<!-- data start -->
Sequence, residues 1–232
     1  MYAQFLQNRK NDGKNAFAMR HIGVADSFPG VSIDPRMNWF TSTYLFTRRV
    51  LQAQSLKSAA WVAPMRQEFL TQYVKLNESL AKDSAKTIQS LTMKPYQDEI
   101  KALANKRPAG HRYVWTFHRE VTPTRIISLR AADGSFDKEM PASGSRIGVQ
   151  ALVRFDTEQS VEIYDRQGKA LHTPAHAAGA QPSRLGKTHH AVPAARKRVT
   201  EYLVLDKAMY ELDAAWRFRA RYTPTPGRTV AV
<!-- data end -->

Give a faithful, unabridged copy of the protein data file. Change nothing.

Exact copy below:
Sequence, residues 1–232
     1  MYAQFLQNRK NDGKNAFAMR HIGVADSFPG VSIDPRMNWF TSTYLFTRRV
    51  LQAQSLKSAA WVAPMRQEFL TQYVKLNESL AKDSAKTIQS LTMKPYQDEI
   101  KALANKRPAG HRYVWTFHRE VTPTRIISLR AADGSFDKEM PASGSRIGVQ
   151  ALVRFDTEQS VEIYDRQGKA LHTPAHAAGA QPSRLGKTHH AVPAARKRVT
   201  EYLVLDKAMY ELDAAWRFRA RYTPTPGRTV AV